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Healthy Lifestyle

Resistance Exercise


Edward Philips, founder and director of the Institute of Lifestyle Medicine at Harvard Medical School reviews the basics of resistance training, including the effects of resistance training on muscle mass and metabolism, trends in resistance training in 2015, and recommendations for the frequency, intensity, duration and types of resistance training that are most beneficial for patients.

Exercise and physical activity are an underappreciated modality in clinical medicine. Yet appropriately assessing patient’s physical activity levels and prescribing exercise can have profound effects for the prevention, treatment and reversal of common non-communicable diseases such as diabetes, heart disease, and certain cancers. This activity will review the impact of adequate physical activity in lowering all-cause mortality, prevalence of non-communicable diseases and health care costs. Dr. Phillips will discuss methods to assess Physical Activity Vital Signs and to negotiate and write simple exercise prescriptions. The rapidly evolving literature on sedentary behavior will be addressed and simple interventions to increase daily physical activity will be introduced.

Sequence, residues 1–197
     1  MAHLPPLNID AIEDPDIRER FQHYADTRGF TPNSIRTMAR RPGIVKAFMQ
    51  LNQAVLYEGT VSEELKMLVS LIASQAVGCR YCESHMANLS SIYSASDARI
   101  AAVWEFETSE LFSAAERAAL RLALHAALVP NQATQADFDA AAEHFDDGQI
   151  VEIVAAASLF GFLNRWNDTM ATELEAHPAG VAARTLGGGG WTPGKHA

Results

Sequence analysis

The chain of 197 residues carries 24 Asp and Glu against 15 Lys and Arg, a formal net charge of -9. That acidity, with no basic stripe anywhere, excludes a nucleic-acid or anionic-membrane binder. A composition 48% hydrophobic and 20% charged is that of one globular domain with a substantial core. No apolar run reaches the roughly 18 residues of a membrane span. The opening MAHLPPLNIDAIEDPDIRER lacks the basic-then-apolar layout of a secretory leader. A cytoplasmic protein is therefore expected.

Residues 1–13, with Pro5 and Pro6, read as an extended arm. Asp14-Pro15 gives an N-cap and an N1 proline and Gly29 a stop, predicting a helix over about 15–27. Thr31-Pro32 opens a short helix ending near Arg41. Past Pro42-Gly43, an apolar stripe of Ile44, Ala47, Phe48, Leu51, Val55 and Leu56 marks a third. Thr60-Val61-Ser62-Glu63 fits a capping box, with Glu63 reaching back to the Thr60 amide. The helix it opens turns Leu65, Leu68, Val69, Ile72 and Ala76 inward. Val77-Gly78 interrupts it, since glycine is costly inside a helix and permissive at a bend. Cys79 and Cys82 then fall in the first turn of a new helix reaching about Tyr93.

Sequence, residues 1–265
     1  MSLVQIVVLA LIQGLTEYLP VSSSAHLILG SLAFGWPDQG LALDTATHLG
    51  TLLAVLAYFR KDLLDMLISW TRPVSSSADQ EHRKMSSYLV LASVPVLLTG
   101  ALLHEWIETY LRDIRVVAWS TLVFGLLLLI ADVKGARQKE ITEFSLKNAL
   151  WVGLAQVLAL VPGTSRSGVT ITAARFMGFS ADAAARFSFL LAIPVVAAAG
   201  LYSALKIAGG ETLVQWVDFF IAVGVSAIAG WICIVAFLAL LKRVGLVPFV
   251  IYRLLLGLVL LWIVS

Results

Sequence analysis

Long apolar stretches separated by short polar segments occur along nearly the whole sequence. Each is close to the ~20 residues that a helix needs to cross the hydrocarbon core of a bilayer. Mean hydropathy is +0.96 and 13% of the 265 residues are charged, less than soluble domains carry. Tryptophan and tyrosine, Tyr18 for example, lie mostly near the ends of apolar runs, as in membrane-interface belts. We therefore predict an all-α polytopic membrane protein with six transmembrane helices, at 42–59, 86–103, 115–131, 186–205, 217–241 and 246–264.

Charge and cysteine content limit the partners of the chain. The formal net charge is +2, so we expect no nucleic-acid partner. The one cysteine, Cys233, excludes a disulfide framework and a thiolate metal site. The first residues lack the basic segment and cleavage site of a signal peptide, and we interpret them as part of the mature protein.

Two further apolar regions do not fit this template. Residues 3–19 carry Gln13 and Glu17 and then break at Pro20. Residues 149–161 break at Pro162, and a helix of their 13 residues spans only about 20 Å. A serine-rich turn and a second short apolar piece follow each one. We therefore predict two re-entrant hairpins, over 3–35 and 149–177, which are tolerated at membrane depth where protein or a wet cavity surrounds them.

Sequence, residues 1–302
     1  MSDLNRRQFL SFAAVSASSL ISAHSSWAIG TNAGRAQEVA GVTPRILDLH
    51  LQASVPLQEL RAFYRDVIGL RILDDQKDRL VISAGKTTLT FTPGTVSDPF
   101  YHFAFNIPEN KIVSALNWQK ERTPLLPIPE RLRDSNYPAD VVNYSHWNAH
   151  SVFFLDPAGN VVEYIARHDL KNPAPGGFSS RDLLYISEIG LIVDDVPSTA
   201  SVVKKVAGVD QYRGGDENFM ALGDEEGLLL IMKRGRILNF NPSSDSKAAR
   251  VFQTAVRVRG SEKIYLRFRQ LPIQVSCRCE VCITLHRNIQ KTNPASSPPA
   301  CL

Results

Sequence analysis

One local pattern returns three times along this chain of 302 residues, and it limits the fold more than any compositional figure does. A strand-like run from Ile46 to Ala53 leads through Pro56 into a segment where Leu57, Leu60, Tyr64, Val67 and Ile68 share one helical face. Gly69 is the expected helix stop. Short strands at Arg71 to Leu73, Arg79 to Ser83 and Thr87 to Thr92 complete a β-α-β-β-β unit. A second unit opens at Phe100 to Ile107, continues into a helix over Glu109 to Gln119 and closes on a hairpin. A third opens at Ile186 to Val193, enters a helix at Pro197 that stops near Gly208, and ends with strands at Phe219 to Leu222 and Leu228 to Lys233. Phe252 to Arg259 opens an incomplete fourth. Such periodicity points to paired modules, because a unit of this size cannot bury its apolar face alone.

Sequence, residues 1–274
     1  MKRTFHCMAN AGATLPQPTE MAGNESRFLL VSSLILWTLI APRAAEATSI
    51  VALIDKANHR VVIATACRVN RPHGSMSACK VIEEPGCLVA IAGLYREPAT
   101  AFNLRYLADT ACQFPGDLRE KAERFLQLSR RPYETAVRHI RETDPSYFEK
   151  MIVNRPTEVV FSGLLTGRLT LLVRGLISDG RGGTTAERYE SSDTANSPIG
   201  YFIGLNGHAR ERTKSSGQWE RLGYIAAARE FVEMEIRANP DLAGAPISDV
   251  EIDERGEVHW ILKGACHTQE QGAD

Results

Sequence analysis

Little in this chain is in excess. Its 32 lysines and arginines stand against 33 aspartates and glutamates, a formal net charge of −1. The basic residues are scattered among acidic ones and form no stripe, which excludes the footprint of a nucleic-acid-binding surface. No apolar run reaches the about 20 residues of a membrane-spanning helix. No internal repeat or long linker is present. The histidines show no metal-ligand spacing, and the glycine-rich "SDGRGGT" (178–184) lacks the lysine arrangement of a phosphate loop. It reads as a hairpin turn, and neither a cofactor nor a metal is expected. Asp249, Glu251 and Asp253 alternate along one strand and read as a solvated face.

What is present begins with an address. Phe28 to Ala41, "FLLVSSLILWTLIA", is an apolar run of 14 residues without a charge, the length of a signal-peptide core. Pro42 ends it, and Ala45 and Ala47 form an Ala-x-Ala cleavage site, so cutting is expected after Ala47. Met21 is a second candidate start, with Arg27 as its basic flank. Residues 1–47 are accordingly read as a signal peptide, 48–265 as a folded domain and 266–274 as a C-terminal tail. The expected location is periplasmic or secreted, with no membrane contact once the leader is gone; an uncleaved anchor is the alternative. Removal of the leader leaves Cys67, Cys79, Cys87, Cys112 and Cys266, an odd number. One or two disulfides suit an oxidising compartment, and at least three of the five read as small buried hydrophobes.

young arobecist drinking bottled water

While patients are always encouraged to live a “healthy lifestyle,” many do not know what that means. This session will present the basics of a healthy lifestyle, including recent evidence supporting a dietary modifications, exercise program, medication, vitamin and mineral supplementation, and stress reduction techniques for primary prevention.


Imagine the impact of diet and lifestyle on the human condition if knowledge were power; now consider the toll associated with failing to use that power. This keynote address will look closely at the body of evidence relating dietary pattern to human health and make the case that we are NOT clueless about the basic care and feeding of our species. Endless debate about the details of optimal diets, and an insatiable pop culture fascination with scapegoats and silver bullets, distract us from the well-known fundamentals of healthful eating and forestall the stunning advances in public health that would ensue were we to turn what we know into what we do. Dr. David Katz will make the case that lifestyle is the best, readily available medicine and culture could be the spoon that helps it go down. In the service of adding years to lives and life to years, learn what can be done to leverage lifestyle in both clinical and cultural settings.


Scientific studies have shown how we can incorporate simple habits to improve our health and live longer. Dr. Chopra will review this body of evidence in an engaging and interactive way. Do we have a set point for happiness? Can we increase it? He will discuss the research on happiness and show his reflections on how living with purpose is the foundation for sustained happiness and joy.